Depression in Children and Teenagers

Childhood depression is a very real problem: a problem compounded by the common misconception that children don’t get depressed. In fact, 2.5% of children suffer from major depressive incidents. Triggers such as divorce, the death of a friend or family member, or family problems may cause childhood depression. It’s not often discussed, but young children suffering from depression do attempt suicide, and often succeed.

Symptoms of Childhood Depression

Warning signs that could indicate a child is struggling with depression include:

  • Frequent complaints of vague physical ailments (headaches, stomachaches, fatigue)
  • Sudden drop in school performance
  • Lack of interest in play
  • Excessive concern with failure
  • Frequent irritability, crying
  • Lack of social interaction
  • Boredom
  • Attempts to run away from home
  • Reckless behavior

Teenage Depression

The moody, irritable, anxiety-ridden teen is a common stereotype, and certainly many teens fall into this category. The teenage years are turbulent times. Teenagers have to deal with sudden body changes, peer groups, and an emerging sense of self. In all the confusion, it’s easy to miss the signs of teenage depression.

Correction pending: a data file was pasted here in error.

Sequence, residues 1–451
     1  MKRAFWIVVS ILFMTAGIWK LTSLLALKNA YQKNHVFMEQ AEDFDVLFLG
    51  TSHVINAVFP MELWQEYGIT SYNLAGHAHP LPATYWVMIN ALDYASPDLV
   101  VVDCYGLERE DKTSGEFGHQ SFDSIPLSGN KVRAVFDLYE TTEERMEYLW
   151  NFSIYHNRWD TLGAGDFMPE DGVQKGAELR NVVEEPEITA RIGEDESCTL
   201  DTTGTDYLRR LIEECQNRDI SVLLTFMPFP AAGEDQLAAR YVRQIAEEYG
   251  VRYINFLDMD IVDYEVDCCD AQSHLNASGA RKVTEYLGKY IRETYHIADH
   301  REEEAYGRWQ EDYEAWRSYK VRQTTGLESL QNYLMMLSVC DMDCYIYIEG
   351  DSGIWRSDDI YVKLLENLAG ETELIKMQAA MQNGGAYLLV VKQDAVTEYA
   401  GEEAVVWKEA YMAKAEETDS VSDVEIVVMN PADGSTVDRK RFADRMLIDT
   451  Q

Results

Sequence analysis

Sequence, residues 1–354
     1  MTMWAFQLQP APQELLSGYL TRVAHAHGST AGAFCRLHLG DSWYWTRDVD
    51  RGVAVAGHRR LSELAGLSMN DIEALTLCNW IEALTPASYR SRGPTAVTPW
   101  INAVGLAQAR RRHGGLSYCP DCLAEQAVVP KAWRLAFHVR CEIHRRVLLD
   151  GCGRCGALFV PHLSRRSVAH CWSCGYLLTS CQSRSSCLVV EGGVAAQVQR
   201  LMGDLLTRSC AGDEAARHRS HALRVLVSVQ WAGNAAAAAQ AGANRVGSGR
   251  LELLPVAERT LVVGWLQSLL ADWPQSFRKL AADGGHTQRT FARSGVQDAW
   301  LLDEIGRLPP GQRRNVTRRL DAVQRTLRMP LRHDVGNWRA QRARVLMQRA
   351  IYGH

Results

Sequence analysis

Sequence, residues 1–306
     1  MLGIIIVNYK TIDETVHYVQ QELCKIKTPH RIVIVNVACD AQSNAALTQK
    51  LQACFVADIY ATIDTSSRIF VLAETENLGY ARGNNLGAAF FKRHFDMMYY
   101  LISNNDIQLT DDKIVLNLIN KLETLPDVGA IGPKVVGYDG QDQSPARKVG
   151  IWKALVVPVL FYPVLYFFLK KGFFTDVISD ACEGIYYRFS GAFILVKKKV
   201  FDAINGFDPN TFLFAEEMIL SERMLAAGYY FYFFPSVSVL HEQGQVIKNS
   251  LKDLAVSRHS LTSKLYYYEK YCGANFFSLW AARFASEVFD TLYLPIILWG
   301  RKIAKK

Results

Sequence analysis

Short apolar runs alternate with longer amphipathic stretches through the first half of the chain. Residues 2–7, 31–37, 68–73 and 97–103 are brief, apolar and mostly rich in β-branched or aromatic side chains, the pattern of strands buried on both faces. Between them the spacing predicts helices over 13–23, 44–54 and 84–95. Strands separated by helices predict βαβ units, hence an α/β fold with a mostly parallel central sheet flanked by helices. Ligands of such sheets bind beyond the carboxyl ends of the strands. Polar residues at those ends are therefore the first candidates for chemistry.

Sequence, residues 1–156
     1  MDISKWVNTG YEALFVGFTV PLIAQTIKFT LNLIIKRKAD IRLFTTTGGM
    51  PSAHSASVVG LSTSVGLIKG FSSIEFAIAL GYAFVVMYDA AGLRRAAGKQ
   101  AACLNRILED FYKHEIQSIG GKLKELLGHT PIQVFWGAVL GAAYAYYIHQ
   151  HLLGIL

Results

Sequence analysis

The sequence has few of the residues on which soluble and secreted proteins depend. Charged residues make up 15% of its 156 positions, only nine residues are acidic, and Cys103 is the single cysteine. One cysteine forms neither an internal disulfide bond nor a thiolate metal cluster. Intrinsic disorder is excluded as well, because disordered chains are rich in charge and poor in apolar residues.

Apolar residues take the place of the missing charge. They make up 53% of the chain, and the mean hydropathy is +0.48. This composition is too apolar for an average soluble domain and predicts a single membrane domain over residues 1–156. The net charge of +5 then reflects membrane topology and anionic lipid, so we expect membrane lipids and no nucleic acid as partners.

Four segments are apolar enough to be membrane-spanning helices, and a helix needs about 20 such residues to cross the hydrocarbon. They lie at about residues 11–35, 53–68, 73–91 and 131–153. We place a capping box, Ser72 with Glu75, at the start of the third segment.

Unfortunately, many instances of teenage depression lead to suicide attempts. Talk of suicide must always be taken seriously: 70% of teenagers who talk about committing suicide eventually make a serious attempt to end their lives. A 2012 study by the Centers for Disease Control and Prevention (CDC) indicates that suicide is the second leading cause of death in 10 to 24 year olds.

A cautionary note on the suicidal teen who is receiving treatment for depression: teens (and adults too) are most likely to commit suicide as the treatment begins to work. While depressed, many people lack the energy to attempt suicide. Treatment of depression takes time, and the teen’s energy level may rise while he or she is still suicidal. Special care and attention should be given during this time.

Anxiety Attack or Depression?

People talk about anxiety attacks when they describe the nervousness and panic that accompany a stressful event. For kids and teens, a music recital, giving a speech or taking an important exam might set off an anxiety attack. But for many, anxiety disorders can result in feelings of intense uneasiness and panic, obsessive behavior and eating disorders.

People suffering from depression often develop some form of anxiety disorder. If so, both the anxiety disorder and the depression must be treated.

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